COVID-19 has devastated communities and economies around the world and profoundly changed the ways in which we live and work. Many of those effects will no doubt prove to be temporary, but the pandemic has also created opportunities for us to “build back better” once the immediate threat recedes. While medical science has been front and center of the response to the virus itself, social scientists have a powerful role to play in our recovery from it.
How can the social sciences inform the response to COVID-19?
The social sciences don’t produce much in the way of patentable widgets or, indeed, life-saving vaccines. However, the analysis and insights they generate can and do underpin better-evidenced decisions and help guide and target insights from the ‘natural’ sciences. There is no point devising lockdowns that nobody will follow or developing a vaccine that nobody will take. Social scientists can help policy-makers and STEM colleagues develop solutions that people are able and, crucially, willing to follow through on. Work by social scientists on the effective, acceptable delivery of mass vaccination programs, for example, might soon be highly relevant. Because they tell us important things about human behaviors, relationships and institutions, social scientists can help deliver these outcomes.
Social sciences also have an urgent role to play in ensuring that the voices of communities affected by an issue are represented in discussions of it, and that relevant stakeholders are able to be involved in decisions that affect them. For example, we might usefully revisit lessons learned from anthropological work delivering rapid, real-time advice and guidance during the Ebola crisis which saved lives and reduced the spread of the outbreak. These and many other examples of the impacts of social science demonstrate the importance of having local knowledge, which the social sciences can provide.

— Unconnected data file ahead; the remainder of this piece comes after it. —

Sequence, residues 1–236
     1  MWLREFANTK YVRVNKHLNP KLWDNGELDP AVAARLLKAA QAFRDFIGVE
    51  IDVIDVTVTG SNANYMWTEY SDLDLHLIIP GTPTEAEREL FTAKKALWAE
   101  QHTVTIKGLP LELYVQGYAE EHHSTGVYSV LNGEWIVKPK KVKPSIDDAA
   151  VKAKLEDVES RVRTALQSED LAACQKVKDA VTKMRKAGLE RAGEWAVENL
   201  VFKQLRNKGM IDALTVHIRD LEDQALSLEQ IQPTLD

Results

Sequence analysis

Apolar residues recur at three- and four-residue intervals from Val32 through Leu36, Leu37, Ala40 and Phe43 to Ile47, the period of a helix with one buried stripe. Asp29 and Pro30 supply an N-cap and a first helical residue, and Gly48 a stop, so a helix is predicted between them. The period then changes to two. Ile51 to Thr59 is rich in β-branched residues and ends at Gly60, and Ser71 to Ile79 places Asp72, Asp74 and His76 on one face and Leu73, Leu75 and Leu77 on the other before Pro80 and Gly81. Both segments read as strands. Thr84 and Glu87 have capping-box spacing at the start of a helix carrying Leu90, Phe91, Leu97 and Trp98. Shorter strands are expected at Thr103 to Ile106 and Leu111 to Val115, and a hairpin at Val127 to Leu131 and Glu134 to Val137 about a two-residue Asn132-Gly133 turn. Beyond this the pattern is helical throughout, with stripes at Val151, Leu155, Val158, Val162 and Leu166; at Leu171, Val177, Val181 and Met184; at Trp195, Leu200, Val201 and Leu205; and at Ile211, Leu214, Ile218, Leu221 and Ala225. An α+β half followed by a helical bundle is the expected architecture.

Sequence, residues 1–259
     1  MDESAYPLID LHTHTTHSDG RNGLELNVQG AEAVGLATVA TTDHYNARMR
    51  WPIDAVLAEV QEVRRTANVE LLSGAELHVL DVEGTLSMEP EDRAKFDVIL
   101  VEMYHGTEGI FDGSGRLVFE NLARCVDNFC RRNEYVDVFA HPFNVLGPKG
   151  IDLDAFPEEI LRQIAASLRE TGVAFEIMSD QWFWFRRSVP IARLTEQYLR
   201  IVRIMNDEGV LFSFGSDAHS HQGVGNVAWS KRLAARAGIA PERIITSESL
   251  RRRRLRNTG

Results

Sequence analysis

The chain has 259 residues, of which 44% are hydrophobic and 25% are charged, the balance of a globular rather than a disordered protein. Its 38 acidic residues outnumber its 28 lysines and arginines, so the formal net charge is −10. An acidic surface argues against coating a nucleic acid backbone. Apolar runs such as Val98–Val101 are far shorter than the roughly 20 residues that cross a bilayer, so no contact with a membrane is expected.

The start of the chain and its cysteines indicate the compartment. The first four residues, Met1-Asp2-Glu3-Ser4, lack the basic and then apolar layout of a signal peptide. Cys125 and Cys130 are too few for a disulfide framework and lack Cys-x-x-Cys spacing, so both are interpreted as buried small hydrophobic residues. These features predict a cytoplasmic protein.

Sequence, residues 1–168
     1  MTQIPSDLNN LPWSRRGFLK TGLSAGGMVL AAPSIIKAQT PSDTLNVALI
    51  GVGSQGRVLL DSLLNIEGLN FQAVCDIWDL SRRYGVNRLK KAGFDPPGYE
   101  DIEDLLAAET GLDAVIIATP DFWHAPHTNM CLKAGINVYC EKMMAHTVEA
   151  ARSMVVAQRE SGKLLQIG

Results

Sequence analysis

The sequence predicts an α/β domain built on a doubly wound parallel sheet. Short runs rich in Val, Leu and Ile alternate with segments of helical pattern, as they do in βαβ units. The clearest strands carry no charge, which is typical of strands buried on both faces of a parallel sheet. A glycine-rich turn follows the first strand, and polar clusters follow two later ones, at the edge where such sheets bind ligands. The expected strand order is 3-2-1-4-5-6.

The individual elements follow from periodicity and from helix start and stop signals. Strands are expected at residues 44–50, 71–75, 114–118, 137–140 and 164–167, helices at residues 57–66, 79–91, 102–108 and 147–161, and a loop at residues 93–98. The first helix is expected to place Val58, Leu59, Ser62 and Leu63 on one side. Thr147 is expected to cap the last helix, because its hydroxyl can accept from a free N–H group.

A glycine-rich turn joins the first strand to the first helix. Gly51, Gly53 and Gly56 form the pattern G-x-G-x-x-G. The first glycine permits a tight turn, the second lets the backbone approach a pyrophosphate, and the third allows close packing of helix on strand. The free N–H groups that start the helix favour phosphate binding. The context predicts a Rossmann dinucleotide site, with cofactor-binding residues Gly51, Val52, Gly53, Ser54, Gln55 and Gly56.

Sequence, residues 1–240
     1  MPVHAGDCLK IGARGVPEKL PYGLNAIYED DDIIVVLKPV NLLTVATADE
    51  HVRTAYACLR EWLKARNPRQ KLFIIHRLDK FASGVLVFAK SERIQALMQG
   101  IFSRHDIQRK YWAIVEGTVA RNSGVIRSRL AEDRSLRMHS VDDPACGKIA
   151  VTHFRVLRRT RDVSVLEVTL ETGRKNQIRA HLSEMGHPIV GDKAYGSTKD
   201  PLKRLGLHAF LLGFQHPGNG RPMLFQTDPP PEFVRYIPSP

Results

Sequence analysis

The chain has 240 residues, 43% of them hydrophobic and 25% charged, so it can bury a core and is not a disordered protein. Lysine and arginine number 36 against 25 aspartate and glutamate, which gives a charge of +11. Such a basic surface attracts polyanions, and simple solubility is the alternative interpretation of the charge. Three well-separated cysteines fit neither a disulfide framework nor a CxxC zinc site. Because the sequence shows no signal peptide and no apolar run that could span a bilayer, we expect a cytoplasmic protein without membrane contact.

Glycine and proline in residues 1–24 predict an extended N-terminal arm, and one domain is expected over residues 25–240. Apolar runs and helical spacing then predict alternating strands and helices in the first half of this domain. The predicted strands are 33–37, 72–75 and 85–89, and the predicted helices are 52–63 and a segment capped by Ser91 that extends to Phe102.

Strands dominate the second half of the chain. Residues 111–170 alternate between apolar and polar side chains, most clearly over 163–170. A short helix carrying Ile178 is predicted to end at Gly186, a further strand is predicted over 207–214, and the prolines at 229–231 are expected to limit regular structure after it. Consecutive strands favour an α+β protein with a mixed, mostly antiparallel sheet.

This capacity to support inclusion is crucial to the work that lies ahead to rebuild things the right way rather than (necessarily) just the old way. A recent report by the Centre for Economic Performance and the Grantham Research Institute on Climate Change and the Environment (both at the London School of Economics) emphasizes the importance of involving businesses and communities in developing a strategy for inclusive and sustainable recovery. A “better” post-recovery world will undoubtedly also benefit from the well-documented contributions that social sciences make in areas such as improving the resilience of our democracies and financial systems, exposing and addressing social and economic inequalities, and promoting good mental health and more sustainable ways of living.
Ensuring that the social sciences realize this role, there are four priorities:
To fully realize these potential benefits, this may be a good time for the social sciences to get their house in order by reducing some of the major barriers to impacts. We might think, for example, about ways to increase support for collaboration with industry, communities and third sector organisations, as well as with policy-makers. These diverse stakeholders have different needs. They work to different timescales and are interested in different academic angles and outputs. Understandably, researchers usually need help with the navigation (and administration) of engagement with them.